First Day of School Health Checklist: What every parent should know
Experts at Seattle Children’s Hospital have put together a Healthy Child Checklist to ensure that children - and parents - are prepared for the first day of school.
Backpacks are full of fresh pencils and paper and new shoes are waiting by the door, but just because the supplies are ready for a new school year doesn’t mean that children are. Experts at Seattle Children’s Hospital have put together a Healthy Child Checklist to ensure that children - and parents - are prepared for the first day of school.
As the countdown to the first day of school begins, health and safety questions on a variety of issues surface - from vaccinations to nutrition to nerves. As children get ready to start waking up earlier and deal with anxiety about going to school, parents worry about issues like safety, illness and whether or not their child’s medication will be dispensed properly at school.
“Back to school is understandably an anxious time for parents and children alike,” says pediatrician Dr. Ben Danielson at Odessa Brown Children’s Clinic in Seattle. “By taking a few easy steps, parents can remove the stress associated with back-to-school and rest assured that their children are well prepared for a healthy and productive year ahead.”
To help ease this transition, pediatric health experts at Seattle Children’s Hospital have put together a first day of school health checklist to help parents keep kids healthy and safe throughout the school year:
- Make sure your child’s immunizations are current.
- Start getting your child to bed at a set time a week or two before school starts.
- 6 to 9 year-olds need 10 hours, preteens need 9 hours, and teens need about 8 to 9 1/2 hours of sleep each night.
- Stock up on healthy snacks and lunch fixings.
- Low-fat dressing for dipping veggies, dried fruit, nuts, low-fat yogurt, pretzels, low-fat cheese, cut veggies and fruit that is all ready to grab-and-go. Don’t forget to buy a water bottle so your child can easily drink water and stay hydrated during the day.
- Find out if your child will have PE during the day and how much time is spent at recess.
- Children need 60 minutes of physical activity each day, so provide time and space for them to be active after school to get a total of at least 60 minutes.
- Figure out your child’s transportation plan and before- and after-school care, if needed.
- If your child is over 10 and will walk or bike to school, identify a safe route and make sure they know how to walk or bike safely. If biking, make sure they have a properly-fitted bike helmet.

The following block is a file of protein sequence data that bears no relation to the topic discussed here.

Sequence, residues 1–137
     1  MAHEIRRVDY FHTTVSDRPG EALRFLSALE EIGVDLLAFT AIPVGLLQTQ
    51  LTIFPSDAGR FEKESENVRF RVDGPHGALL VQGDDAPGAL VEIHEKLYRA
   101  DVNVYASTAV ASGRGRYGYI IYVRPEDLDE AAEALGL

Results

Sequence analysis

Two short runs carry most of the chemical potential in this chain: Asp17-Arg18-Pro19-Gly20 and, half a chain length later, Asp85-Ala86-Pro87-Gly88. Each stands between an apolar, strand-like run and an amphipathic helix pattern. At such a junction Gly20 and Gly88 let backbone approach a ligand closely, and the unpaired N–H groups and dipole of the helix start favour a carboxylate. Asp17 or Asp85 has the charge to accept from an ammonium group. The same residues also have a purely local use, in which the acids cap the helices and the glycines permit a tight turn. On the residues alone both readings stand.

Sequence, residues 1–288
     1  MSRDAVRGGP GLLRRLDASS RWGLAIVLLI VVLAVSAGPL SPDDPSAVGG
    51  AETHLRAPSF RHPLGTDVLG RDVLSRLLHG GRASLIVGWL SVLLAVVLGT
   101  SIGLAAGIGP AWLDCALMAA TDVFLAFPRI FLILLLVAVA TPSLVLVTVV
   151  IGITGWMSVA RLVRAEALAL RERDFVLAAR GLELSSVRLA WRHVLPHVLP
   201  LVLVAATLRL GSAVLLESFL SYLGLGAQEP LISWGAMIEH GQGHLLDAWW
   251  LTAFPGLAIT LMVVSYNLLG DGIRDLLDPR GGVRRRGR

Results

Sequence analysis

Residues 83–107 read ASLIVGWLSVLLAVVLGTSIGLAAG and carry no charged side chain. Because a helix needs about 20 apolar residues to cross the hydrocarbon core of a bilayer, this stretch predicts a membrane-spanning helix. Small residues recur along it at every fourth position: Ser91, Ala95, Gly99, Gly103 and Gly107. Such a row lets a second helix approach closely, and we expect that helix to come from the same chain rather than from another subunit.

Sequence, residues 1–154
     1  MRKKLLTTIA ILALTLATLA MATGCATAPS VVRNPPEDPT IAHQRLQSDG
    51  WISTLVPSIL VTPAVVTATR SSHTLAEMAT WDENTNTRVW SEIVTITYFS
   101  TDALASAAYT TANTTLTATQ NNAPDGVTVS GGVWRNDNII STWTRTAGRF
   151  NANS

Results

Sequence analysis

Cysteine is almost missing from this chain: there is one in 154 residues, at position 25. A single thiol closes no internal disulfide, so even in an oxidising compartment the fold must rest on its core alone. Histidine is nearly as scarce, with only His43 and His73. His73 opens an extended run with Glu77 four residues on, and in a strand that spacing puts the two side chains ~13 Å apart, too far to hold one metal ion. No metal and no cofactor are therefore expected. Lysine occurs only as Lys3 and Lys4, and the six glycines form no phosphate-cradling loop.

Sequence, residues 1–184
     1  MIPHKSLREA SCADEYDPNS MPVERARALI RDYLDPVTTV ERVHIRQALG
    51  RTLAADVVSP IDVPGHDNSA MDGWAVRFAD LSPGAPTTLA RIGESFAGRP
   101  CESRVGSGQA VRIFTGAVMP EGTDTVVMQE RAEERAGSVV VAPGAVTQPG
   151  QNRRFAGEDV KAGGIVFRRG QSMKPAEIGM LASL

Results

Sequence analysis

- Talk to your child about what will be expected and any concerns they may have. Let them ask questions anytime.
- Develop ground rules for your child to follow if he or she is about 11 or older and will be spending time alone at home after school.
- Think about if friends are allowed over, cooking rules, TV and computer rules, answering the door and phone, etc. Give your child a chance to practice being home alone before the school year starts.
- Find out the school’s rules about medicine for kids old enough to handle monitoring and treatment at school.
- If your child is too young to self-administer, find out who handles medicines at the school and ensure they are familiar with your child’s needs.
- Learn about emergency plans at your child’s school.
- Work on a plan for how to deal with illness during the school year - sick children should stay home to prevent the spread of illness to others.
- Arrange your calendar so you can spend extra time with your child the first week of school; transitions can be hard and just being together in the evenings can help.
About Seattle Children’s
Seattle Children’s Hospital, Foundation and Research Institute together deliver superior patient care, advance new discoveries and treatments through pediatric research, and raise funds to create better futures for patients. Consistently ranked as one of the top 10 children’s hospitals in the country by U.S. News & World Report, Seattle Children’s Hospital specializes in meeting the unique physical, emotional and developmental needs of children from infancy through young adulthood. Through the collaboration of physicians in nearly 60 pediatric subspecialties, Seattle Children’s Hospital provides inpatient, outpatient, diagnostic, surgical, rehabilitative, behavioral, and emergency and outreach services to families from around the world.
Located in downtown Seattle’s biotech corridor, Seattle Children’s Research Institute is pushing the boundaries of medical research to find cures for pediatric diseases and improve outcomes for children all over the world. Internationally recognized investigators and staff at the research institute are advancing new discoveries in cancer, genetics, immunology, pathology, infectious disease, injury prevention, bioethics and much more.
Seattle Children’s Hospital and Research Foundation and Seattle Children’s Hospital Guild Association work together to gather community support and raise funds for uncompensated care, clinical care and research. The foundation receives nearly 80,000 gifts each year, from lemonade stand proceeds to corporate sponsorships. Seattle Children’s Hospital Guild Association is the largest all-volunteer fundraising network for any hospital in the country, serving as the umbrella organization for 450 groups of people who turn an activity they love into a fundraiser. Support from the foundation and guild association makes it possible for Seattle Children’s care and research teams to improve the health and well-being of all kids.
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